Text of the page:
HOW TO PAY FOR LONG-TERM CARE

Overview

While health insurance covers expenses related to acute care, like a trip to the hospital, it does not cover the cost of assistance over a long period of time — such as the rest of your life. Longer term care must be paid for out of pocket unless you qualify for government benefits or purchase some form of long-term care insurance.

While fees vary based on location and other criteria, long-term care can be pricey. To give you a general idea of the cost, the following are national medians for various types of long-term care services, according to Genworth’s 2017 Cost of Care Survey.

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Long-term care insurance can help protect a household’s assets so that the care of one family member does not devastate a lifetime of savings and the financial future of other members. The following is an overview of some of the options available to help pay for long-term care.

Medicaid and Medicare

Until recently, Medicaid was the only government-sponsored plan that paid for long-term care. It requires that beneficiaries first spend down their own assets to no more than $2,000 in order to qualify for coverage. Medicaid provides coverage only at traditional nursing homes, and not every facility accepts Medicaid patients.

Medicare, on the other hand, may pay for up to 100 days in a skilled nursing facility per benefit period and the first 20 days are paid up to 100%. Day 21-100 required a co-payment. However, in March of this year, the Centers for Medicare and Medicaid Services (CMS) issued a final rule giving Medicare Advantage (MA) plans the option to pay for certain long-term care services starting in 2019. Coverage specifics will be decided by individual insurers, but they may include home aides to help with daily living activities, including dressing, eating and other personal care needs, as deemed medically appropriate by a licensed health care provider. Note that this new rule pertains only to MA plans, not original Medicare.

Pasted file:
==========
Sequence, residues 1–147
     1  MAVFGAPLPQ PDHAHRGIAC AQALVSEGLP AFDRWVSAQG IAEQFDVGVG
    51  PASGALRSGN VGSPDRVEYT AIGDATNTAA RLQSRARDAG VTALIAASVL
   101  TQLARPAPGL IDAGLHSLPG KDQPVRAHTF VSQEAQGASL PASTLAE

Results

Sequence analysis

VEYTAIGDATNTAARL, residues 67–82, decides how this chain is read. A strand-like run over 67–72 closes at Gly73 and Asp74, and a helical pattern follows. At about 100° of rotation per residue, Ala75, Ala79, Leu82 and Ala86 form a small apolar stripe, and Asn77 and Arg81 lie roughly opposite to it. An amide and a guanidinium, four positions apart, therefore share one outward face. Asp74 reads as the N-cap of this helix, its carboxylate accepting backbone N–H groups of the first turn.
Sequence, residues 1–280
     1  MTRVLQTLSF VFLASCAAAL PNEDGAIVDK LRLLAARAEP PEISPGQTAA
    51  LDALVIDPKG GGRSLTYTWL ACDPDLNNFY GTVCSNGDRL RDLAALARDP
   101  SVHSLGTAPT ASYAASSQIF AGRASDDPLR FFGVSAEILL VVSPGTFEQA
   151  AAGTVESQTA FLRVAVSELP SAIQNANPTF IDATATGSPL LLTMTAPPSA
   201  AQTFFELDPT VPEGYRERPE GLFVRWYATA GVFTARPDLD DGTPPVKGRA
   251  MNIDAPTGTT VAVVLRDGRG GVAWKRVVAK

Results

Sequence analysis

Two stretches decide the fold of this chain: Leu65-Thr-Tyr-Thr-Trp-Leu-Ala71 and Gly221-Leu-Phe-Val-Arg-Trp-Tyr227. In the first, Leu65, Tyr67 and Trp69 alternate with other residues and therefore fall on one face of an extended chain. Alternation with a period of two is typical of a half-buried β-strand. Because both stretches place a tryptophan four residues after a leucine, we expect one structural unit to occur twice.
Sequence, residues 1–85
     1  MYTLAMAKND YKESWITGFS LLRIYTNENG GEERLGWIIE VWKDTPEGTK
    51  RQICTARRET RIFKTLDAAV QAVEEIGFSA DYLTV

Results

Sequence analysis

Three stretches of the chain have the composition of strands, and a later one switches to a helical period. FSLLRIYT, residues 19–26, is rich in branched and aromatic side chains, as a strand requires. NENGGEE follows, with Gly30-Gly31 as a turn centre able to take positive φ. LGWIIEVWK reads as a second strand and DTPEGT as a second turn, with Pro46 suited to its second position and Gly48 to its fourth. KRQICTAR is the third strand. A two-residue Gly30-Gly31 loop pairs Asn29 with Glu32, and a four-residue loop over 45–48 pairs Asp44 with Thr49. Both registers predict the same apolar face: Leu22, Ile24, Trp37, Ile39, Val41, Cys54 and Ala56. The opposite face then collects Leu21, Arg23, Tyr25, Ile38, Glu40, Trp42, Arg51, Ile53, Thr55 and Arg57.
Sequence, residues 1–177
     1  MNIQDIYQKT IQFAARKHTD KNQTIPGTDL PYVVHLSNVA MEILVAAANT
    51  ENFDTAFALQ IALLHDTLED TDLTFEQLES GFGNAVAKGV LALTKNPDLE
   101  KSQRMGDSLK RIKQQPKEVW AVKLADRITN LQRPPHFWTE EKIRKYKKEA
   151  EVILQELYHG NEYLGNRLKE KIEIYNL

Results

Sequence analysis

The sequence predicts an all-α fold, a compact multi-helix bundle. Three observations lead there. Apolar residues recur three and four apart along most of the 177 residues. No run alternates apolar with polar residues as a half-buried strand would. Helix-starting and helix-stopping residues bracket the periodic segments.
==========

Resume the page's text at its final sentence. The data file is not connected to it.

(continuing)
“Medicare Advantage beneficiaries will have more supplemental benefits, making it easier for them to lead healthier, more independent lives.”

– CMS Administrator Seema Verma

Veterans Benefits

Veterans who served at least 90 days in the military during a time of war may qualify for long-term care benefits from the Veterans Aid and Attendance program. This lesser-known VA benefit provides up to $1,830 per month for long-term care assistance to a qualifying veteran and up to $1,176 for a surviving spouse. Note that the veteran must meet specific income and asset limit requirements.

Qualifying veterans who do not need daily assistance but have a permanent disability that leaves them mostly shut in at home may qualify for the Housebound benefit. This is an additional stipend paid to veterans who receive a monthly pension.

Long-Term Care Insurance

Long-term care (LTC) insurance generally pays for daily assistance due to chronic illness, disability or conditions associated with aging. Coverage is issued either as an indemnity policy — a fixed sum paid regularly for any use — or as a reimbursement policy for payments made to a long-term care facility, up to contractual limits.

The criteria that determines when a policy-owner qualifies for LTC benefits is based on specific “activities of daily living” (ADLs). To qualify, the policy-owner must need help with at least two of the following ADLs:

  • Personal hygiene — bathing, grooming, oral, nail and hair care

  • Continence management — physical ability to properly use the bathroom

  • Dressing — select and wear the proper clothes for different occasions

  • Feeding — food preparation and the ability to feed oneself